< Back

Teacher Notes
Museum of Native American Cultures
A Project-based WebQuest
by Margaret Hill

Duration of the Unit
This lesson may be done both in an outside of class, depending on the skills of the students and the availability of online computers and print resources. In total it should take about two weeks.

History –Social Science Content Standards - Grade 5
5.1 Students describe the major pre-Columbian settlements, including the cliff dwellers and pueblo people of the desert Southwest, the American Indians of the Pacific Northwest, the nomadic nations of the Great Plains, and the woodland peoples east of the Mississippi River.

Describe how geography and climate influenced the way various nations lived and adjusted to the natural environment, including locations of villages, the distinct structures that they built, and how they obtained food, clothing, tools, and utensils.
Describe their varied customs and folklore traditions.
Explain their varied economies and systems of government.

History-Social Science Analysis Skills
Chronological and Spatial Thinking
Students place key events and people of the historical era they are studying in a chronological sequence and within a spatial context; they interpret time lines.

Historical Research, Evidence, and Point of View
Students pose relevant questions about events they encounter in historical documents, eyewitness accounts, oral histories, letters, diaries, artifacts, photographs, maps, artworks, and architecture.
Students distinguish fact from fiction by comparing documentary sources on historical figures and events with fictionalized characters and events.

Historical Interpretation
Students identify the human and physical characteristics of the places they are studying and explain how those features form the unique character of those places.

English Language Arts Standards - Grade 5


Understand how text features (e.g., format, graphics, sequence, diagrams, illustrations, charts, maps) make information accessible and usable.
Analyze text that is organized in sequential or chronological order.
Discern main ideas and concepts presented in texts, identifying and assessing evidence that supports those ideas.
Draw inferences, conclusions, or generalizations about text and support them with textual evidence and prior knowledge.
Distinguish facts, supported inferences, and opinions in text.


Create multiple-paragraph expository compositions that establish a topic, important ideas, or events in sequence or chronological order.
Use organizational features of printed text (e.g., citations, end notes, bibliographic references) to locate relevant information.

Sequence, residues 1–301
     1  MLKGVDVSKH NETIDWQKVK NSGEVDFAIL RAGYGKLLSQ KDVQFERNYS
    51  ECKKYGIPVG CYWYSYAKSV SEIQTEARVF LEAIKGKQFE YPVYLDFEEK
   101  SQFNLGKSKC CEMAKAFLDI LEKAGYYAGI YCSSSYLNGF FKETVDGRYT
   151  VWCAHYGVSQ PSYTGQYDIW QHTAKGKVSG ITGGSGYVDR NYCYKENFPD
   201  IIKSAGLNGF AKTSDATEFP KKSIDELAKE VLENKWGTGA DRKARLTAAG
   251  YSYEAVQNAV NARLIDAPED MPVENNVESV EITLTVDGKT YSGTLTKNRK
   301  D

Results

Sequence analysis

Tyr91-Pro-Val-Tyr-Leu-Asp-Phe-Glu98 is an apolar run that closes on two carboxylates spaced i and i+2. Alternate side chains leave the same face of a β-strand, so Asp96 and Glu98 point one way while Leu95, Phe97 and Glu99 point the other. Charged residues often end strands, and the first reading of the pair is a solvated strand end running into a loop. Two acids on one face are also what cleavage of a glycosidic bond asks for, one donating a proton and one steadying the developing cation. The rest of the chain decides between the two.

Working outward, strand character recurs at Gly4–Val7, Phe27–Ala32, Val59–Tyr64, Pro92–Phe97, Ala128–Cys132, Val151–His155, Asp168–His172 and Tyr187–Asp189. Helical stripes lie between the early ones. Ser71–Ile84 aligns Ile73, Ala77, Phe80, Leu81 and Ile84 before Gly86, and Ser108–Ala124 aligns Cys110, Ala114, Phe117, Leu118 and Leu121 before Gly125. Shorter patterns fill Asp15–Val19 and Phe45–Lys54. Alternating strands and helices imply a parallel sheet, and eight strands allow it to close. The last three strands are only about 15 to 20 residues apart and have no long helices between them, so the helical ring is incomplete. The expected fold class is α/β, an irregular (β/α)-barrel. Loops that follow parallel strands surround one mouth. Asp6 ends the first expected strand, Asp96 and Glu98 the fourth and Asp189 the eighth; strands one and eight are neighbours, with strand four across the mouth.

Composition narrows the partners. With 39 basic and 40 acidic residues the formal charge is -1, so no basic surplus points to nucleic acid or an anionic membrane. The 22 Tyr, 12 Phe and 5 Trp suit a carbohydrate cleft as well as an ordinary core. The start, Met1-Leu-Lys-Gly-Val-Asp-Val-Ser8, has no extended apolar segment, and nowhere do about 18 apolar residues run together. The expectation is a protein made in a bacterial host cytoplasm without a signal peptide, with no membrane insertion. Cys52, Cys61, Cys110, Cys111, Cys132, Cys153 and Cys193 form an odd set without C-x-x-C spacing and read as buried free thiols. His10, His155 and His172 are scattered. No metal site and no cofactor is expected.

Edit and revise manuscripts to improve the meaning and focus of writing by adding, deleting, consolidating, clarifying, and rearranging words and sentences.
Draw inferences, conclusions, or generalizations about text and support them with textual evidence and prior knowledge.
Write research reports about important ideas, issues, or events that frame questions that direct the investigation.

Purpose of Lesson
The purpose of this project-based lesson is for students to come to understand the diversity and complexity of the histories and cultures of the people who lived in America before European contact. Ideally, the whole classroom, the school multi-purpose room, or the library will be transformed by students into a pre-Columbian museum. Teachers should look to this museum as a learning tool in itself to provide a context for deeper comprehension of further reading and study of Native Americans in the interactions among settlers and native peoples. The students who experience this unit will not automatically link “Native American” with the stereotype of the tipi nor will they be as unidimensional in their study of the westward expansion of the U.S. and of 19th century Indian policy. It will also make a wonderful venue for cross-age activities where younger students may come to read Paul Goble or Byrd Baylor stories. The inclusion of California Indians in this study has a two-fold purpose: to provide a valuable teaching venue for 4-5 combination classes, and to round out the understanding of students of the rich number and variety of Indian cultures in California in relation to the rest of America.

Teacher Materials
Citing sources was the most difficult part of the development of this lesson. The numbers are huge and teachers will find many more than are given here. A valuable reference will be:

Techniques for Evaluating American Indian Web Sites
The purpose of this Web page is to provide some guidelines useful for evaluating and identifying Web sites that contain accurate information and that are not exploitative of American Indians. Note that these guidelines are not all inclusive nor are they foolproof. Web site evaluation must also include the knowledge that one already has about Native peoples and brings to the Web. If you don't know if a site is presenting accurate information, find a source that you trust, online or offline, and compare what you find there with what you find in the Web site.

Slapin, Beverly, Doris Seale (Santee/Cree), and Rosemary Gonzales (Ojibwe), How to Tell the Difference: A Guide for Evaluating Children's Books for Anti-Indian Bias. 1996, b/w illustrations.
Reproduced from Through Indian Eyes: The Native Experience in Books for Children, the goal of this 30-page book is to make it easier for parents, students, teachers or librarians to choose undistorted books about the lives and histories of indigenous peoples.

The Smithsonian series Handbook of North American Indians by William C. Sturtevant is available form online bookstores and provides a great reference for the teacher.

SCORE 2006